By James Hemker
With just 66 sets played in her Stanford career, sophomore outside Kendall Kipp was, by far, the Cardinal’s most experienced college volleyball player on the court against Arizona (1-4, 1-4 Pac-12) Friday night. Fielding an all-underclassmen roster, seventh-ranked Stanford (0-1, 0-1 Pac-12) struggled to keep pace, losing 3-0 in its season opener.
Senior outside Meghan McClure, junior middle Holly Campbell and junior opposite Mackenzie Fidelak were all unavailable to play due to COVID-19 protocols.
Stanford dropped the 25-17, 25-16, 25-14 match primarily due to its poor offense, which stemmed from the overall lack of team experience. Hitting .058 as a team, the outing is the program’s worst in the 25-point rally scoring era, which began in 2008. On the other side of the floor, Arizona, playing in its fifth match of the season, attacked at a .298 clip.
The Cardinal’s inexperience manifested as communication and passing errors. Stanford’s back line was unable to consistently deliver clean balls to sophomore setter Selina Xu. Most passes pulled Xu off the net towards the 10-foot line, limiting her setting options. The long, telegraphed sets gave Arizona’s front plenty of time to adjust and set up a block. Other out-of-system passes forced Stanford’s pins to take awkward shots that either resulted in attacking errors or digs for Arizona. Xu concluded the match with 20 assists and two of the team’s three service aces.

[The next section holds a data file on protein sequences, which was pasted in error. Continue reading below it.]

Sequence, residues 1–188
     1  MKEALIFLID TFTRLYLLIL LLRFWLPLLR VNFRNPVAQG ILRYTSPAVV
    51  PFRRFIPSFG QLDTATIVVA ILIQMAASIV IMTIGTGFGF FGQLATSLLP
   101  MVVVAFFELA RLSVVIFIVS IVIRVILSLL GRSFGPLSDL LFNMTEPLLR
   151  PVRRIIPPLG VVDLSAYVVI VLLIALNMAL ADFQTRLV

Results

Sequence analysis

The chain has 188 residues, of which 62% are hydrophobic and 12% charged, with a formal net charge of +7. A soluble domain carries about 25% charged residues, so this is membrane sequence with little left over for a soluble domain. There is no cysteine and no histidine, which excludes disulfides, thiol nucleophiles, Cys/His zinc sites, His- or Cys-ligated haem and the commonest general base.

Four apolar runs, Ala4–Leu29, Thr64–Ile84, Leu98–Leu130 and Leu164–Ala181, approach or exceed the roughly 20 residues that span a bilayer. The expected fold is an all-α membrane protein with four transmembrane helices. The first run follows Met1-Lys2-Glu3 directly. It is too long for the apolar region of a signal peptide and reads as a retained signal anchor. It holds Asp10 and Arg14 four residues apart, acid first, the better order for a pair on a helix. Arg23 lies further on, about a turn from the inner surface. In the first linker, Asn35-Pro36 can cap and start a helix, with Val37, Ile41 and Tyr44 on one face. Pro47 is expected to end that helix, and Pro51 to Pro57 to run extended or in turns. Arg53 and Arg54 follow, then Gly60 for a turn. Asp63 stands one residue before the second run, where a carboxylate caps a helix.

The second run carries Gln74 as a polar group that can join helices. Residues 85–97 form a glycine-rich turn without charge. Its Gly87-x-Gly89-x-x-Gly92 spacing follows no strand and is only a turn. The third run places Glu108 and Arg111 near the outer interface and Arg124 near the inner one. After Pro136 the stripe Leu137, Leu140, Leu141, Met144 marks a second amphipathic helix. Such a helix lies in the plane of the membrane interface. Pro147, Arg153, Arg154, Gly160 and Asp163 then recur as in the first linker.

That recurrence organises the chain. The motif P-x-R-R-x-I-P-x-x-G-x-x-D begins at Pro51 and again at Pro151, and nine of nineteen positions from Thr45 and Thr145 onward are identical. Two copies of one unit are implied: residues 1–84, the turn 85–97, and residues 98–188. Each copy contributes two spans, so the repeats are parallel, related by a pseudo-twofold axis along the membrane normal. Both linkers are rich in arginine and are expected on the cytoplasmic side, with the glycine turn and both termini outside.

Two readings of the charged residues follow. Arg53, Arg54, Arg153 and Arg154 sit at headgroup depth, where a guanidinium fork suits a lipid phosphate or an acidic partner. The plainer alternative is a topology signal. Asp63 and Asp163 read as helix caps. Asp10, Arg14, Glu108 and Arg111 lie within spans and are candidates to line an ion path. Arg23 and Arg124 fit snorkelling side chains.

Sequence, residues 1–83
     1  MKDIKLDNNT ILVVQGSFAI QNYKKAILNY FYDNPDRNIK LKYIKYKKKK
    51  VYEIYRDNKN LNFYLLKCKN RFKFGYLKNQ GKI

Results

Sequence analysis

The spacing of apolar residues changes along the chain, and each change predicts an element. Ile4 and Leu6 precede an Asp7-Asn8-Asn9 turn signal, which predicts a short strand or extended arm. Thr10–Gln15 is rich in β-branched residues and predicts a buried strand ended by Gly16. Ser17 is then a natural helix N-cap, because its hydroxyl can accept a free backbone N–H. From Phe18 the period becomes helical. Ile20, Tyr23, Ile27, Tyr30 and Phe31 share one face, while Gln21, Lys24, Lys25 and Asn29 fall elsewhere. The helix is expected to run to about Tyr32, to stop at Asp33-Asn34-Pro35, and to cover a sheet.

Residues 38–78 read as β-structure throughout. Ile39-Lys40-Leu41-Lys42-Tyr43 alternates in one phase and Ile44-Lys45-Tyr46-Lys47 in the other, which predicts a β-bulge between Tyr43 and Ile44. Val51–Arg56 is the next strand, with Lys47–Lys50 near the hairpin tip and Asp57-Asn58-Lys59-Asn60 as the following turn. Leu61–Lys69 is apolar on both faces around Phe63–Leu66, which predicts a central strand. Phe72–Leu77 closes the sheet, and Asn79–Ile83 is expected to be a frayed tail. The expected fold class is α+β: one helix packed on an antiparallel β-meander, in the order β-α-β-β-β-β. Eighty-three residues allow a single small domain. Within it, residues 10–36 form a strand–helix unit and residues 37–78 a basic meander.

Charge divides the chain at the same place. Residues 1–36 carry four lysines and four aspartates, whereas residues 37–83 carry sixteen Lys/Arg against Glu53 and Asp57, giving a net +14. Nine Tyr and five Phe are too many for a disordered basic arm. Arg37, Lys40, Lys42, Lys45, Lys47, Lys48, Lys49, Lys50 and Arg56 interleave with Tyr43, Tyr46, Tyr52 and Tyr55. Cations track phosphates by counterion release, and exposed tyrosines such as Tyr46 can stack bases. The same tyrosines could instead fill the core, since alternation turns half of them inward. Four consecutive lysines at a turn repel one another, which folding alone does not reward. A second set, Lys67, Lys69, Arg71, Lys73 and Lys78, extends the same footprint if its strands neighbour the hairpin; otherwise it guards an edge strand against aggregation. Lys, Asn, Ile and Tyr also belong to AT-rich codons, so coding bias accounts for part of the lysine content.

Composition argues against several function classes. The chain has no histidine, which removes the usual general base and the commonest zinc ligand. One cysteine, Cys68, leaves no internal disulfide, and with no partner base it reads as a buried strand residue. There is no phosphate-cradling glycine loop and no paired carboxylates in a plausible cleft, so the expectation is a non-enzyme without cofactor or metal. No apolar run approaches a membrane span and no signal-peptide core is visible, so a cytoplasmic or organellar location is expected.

Though she is listed as an outside, Kipp played opposite for the night, finishing with a team-high 11 kills at a poor .156 clip. Redshirt freshman outside Caitie Baird got her first start and put away eight kills. Unfortunately for the Cardinal, those kills came at the price of eight attacking errors. On defense, Baird paced the team with three blocks and seven digs.
However, when the passing was clean, Stanford’s young team was able to work efficiently. Kipp and Baird, standing at 6-5 and 6-3, respectively, were able to turn quick sets into punishing shots off the block, cross court, or down the line. The two started the night with four kills a piece and just a single error between them. The Arizona announcers constantly reiterated the Wildcats’ fortune in playing Stanford now rather than in a month.
Due to COVID-19 precautions, all players wore masks during the game, even when on the court. Additionally, teams did not switch sides after each set. It is currently unclear when Stanford’s upperclassmen are expected to return. A minimum 10-day quarantine period is required without any new positive tests.
The two teams will return to the court on Sunday, Feb. 7 at 10 a.m. PT.